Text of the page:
Any comments from me will be short and sweet this quarter as this is another packed edition of Chanter with little room for superfluous words. An excellent state of affairs! I’m particularly pleased that, after a long absence, this edition contains a number of tunes, both old and new. The 30th Anniversary of The Bagpipe Society was celebrated at the Blowout with a tune competition and there was a plethora of excellent entries from Society members, a couple of which are reproduced here. (I hope to include others in the future.) Older tunes are explored by Pete Stewart who has delved back into the 17th century giving us a fascinating overview of English bagpipe music of the period.
Continuing with the theme of the 30th Anniversary, this edition of Chanter announces some very exciting news about a new look and re-vamped website and the long awaited Members’ Directory. Huge thanks go to Joe Wass for all his work in carrying out this mammoth task, all done with, from my perspective at least, calm efficiency! Congratulations to Joe and Hinny on their recent wedding and it shows Joe’s sheer dedication to duty that this was the first task he took on having returned from his honeymoon.
A big thank you also to all the contributors, past and present (and those yet to come!) who have all succumbed to arm twisting, sorry – encouragement, from me and put pen to paper (or finger to keyboard) for this journal. I am especially grateful to those from overseas who have had the extra work of translating their articles into English. I am always on the hunt for new ideas, suggestions or even fully fledged articles as it never ceases to astound me just how much material is required to fill the pages of each edition. So please contact me before I contact you! email@example.com
Dear Bagpipe Society
I would like to bring your attention towards new and short film about the Podhale bagpipe on the Institute of Music and Dance video channel (with English subtitles!): http://bit.ly/chanter1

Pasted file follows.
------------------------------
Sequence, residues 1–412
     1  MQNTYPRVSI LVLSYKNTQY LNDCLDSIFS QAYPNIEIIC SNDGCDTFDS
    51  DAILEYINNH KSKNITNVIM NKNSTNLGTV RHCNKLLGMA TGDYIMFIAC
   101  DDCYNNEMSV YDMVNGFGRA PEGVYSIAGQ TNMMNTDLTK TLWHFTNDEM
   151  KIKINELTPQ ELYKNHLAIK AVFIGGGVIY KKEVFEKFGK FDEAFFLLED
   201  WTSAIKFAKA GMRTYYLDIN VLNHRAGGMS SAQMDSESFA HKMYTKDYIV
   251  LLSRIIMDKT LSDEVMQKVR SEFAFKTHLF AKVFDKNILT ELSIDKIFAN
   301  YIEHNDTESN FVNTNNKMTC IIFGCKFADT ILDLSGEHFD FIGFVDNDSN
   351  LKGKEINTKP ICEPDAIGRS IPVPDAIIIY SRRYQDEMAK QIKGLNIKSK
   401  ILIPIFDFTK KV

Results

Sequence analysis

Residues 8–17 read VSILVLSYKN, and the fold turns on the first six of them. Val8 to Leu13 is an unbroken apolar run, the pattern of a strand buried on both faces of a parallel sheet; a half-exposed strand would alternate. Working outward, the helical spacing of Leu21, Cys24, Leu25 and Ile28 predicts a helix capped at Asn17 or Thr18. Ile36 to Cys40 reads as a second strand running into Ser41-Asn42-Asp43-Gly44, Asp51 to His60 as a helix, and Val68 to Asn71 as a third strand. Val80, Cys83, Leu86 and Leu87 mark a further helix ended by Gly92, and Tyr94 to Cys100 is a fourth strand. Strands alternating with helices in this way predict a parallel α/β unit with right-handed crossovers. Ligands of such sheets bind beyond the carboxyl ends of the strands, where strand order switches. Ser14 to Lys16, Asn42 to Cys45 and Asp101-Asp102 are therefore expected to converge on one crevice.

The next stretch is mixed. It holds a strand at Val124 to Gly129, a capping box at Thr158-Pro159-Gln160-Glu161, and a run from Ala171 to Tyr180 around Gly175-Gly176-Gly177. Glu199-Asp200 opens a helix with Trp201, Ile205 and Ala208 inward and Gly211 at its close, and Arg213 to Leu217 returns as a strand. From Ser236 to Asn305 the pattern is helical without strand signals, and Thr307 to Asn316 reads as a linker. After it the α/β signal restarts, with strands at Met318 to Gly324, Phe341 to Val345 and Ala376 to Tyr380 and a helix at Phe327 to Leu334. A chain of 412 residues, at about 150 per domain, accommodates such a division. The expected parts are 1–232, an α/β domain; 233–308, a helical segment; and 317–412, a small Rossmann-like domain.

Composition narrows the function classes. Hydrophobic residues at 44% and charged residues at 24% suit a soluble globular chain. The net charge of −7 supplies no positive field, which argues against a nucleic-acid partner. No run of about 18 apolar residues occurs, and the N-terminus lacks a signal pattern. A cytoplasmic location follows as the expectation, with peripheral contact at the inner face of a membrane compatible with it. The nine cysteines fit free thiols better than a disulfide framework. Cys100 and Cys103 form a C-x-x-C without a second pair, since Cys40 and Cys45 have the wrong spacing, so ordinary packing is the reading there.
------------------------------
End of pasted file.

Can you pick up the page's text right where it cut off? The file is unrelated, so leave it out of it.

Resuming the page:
We did it on 23 April (St. Adalbert Day), the spring redyk, or the annual ceremony when the sheep are taken up to the mountain pastures. This custom, originating in Poland in the 15th century, has been preserved, in some form, in Małopolska and Carpathian regions. The shepherd culture used to be strongly linked with the Podhale bagpipe (dudy podhalańskie or koza), an instrument rediscovered by contemporary folk music and performers. The sound of bagpipes used to accompany the spring and autumn redyks, and was a part of the ceremonies. In 2015, the art of producing and playing dudy podhalańskie was entered on Poland’s National List of Non-Material Cultural Heritage.
In 2015, the first episode of IMiT’s new film series “Instruments With a Soul” was produced. Directed by Maciej Stasiński (WATRA), the film focuses on **Podhale bagpipe and features outstanding highlander artist Jan Karpiel-Bułecka** as narrator and performer.
“Instruments With a Soul”** **is a series of short educational films on music, presenting Polish folk instruments. The films include information on instrument construction and production, their history and function in culture, and past and present performing practice. They are narrated by well-known musicians who deliver colorful stories and brilliant musical performance.
In 2016, more episodes will be completed, focusing on** ligawka wooden folk horn (with Stanisław Jałocha), biały kozioł and czarny kozioł **bagpipes (with Jan S. Prządka) and **Beskidy **trombita wooden folk trumpet (with Golec Brothers).
Director, Instytut Muzyki i Tańca, www.imit.org.pl
Editor’s note : Since receiving this e-mail, a further film has just been released focusing on the wedding bagpiping tradition in Poland.* http://bit.ly/Chanter2 *Do take a look at these films, they’re beautifully produced and give a fascinating insight into the piping traditions in Poland.